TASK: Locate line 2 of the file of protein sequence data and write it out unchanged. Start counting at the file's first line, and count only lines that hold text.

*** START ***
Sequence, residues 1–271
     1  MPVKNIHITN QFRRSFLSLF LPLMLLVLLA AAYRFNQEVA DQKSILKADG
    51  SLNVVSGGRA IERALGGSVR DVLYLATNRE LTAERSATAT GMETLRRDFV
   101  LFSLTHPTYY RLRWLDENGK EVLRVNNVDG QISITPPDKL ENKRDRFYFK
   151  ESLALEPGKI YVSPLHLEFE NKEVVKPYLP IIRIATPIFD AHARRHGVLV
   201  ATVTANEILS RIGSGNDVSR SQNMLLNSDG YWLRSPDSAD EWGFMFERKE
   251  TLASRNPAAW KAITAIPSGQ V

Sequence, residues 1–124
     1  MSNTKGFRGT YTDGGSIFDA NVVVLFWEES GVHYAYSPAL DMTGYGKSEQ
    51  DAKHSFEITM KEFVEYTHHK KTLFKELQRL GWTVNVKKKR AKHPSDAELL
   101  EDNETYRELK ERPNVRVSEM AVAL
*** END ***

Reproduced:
     1  MPVKNIHITN QFRRSFLSLF LPLMLLVLLA AAYRFNQEVA DQKSILKADG